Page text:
Vessel fleet size and mix for maintenance of offshore wind farms: A stochastic approach
MetadataVis full innførsel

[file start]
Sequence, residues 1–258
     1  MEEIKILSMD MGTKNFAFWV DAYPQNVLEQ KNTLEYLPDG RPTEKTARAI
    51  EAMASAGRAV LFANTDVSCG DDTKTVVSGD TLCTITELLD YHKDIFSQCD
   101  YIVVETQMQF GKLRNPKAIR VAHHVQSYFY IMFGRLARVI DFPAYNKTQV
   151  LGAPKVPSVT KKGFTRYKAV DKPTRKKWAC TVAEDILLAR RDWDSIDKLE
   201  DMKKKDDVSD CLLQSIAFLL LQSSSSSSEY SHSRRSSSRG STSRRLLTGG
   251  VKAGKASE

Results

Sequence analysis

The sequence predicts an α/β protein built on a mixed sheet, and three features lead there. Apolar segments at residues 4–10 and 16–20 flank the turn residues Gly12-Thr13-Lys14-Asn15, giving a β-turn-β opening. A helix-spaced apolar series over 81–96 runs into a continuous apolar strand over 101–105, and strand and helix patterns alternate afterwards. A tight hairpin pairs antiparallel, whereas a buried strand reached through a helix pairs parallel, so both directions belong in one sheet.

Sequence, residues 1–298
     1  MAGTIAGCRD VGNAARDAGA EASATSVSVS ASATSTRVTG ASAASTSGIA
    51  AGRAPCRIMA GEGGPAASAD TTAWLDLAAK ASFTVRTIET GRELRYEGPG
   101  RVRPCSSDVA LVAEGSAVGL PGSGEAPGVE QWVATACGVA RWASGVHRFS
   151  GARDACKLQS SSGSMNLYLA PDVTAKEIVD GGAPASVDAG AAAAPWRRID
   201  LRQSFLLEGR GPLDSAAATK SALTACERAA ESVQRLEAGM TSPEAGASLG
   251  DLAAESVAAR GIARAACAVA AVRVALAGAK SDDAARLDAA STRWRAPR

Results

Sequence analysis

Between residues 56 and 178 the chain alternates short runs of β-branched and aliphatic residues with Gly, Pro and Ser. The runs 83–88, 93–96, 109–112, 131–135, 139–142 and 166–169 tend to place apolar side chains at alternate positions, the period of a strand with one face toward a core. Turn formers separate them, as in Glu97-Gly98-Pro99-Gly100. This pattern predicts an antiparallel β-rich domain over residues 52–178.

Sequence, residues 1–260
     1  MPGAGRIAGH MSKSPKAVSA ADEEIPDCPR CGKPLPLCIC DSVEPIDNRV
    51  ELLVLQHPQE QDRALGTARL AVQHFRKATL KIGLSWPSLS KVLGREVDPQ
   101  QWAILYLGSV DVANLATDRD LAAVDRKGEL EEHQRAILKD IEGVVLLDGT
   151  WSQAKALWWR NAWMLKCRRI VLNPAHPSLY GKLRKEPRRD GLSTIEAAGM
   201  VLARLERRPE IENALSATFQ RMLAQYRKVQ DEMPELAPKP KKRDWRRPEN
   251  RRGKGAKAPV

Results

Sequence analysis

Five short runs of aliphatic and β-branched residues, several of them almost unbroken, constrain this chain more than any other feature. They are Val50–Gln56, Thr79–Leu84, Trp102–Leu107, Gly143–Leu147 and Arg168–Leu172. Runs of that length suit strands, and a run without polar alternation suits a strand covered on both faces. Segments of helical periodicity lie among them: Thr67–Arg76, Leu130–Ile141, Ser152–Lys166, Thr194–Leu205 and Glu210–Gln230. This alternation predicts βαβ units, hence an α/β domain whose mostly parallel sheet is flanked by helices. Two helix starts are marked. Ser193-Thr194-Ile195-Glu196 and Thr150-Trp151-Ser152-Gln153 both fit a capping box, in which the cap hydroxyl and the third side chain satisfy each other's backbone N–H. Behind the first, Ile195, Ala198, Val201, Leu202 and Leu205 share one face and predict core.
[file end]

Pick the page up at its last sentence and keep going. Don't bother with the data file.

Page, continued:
In recent years the global installed capacity of offshore wind has increased rapidly, due to the world’s green electricity demand. Increasing developments in the offshore wind sector has led to fewer possible locations for new wind farms, forcing the developers to move further and further away from shore. This shift from near-shore to far-shore wind farm locations, increases the complexity and costs of executing operations and maintenance, which can account for 25% of the production cost of power. The vessels and helicopters that are used to execute preventive and corrective maintenance activities are expensive, and a crane vessel can easily cost USD 40 000 per day. The potential savings in determining an optimal fleet size and mix for the execution of maintenance activities on an offshore wind farm are therefore considerable. Using a joint fleet for more than one wind farm, is a way of achieving savings in order to obtain cost-efficient projects. However, uncertain factors, such as turbine failures requiring corrective maintenance, vessel spot rates, electricity prices and weather conditions limiting the accessibility of the vessels, raise the need for decision support tools. In this thesis we investigate the possibility of using operations research to determine an optimal fleet size and mix for one or several offshore wind farms. The decisions to be made are how many vessels to acquire or rent in order to meet a given maintenance schedule, in addition to determining whether offshore station concepts are economically viable. Strategic decision support tools in terms of both a deterministic and a stochastic optimisation model are developed and will be presented. Based on different scenarios including turbine failures, vessel and helicopter spot rates, electricity prices and weather conditions, the stochastic model determines the optimal fleet size and mix that should be used to execute maintenance operations on one or several offshore wind farms. A computational study proves that the stochastic model is able to solve problems for real world wind farms with more than 400 wind turbines. Further, the value of the stochastic solution and the expected value of perfect information suggest that the stochastic model gives solutions that are fairly well hedged against possible future outcomes, and returns solutions that perform significantly better than the solutions from the deterministic model. In addition, the stochastic model is shown to have a great economical applicability, in terms of determining the willingness to pay for additional wave capacity of the vessels, the possible savings of using offshore station concepts and the potential savings in using a joint fleet on several offshore wind farms. The stochastic optimization model addressing the fleet size and mix problem for offshore wind is the first of its kind, and this thesis has proven that the model has a real world value in terms of being a great strategic decision support tool taking into account the inherent uncertainties of the problem. The model does, however, not consider the logistics of spare parts or the tactical day-to-day utilisation of the given fleet, thus further work is suggested on these issues.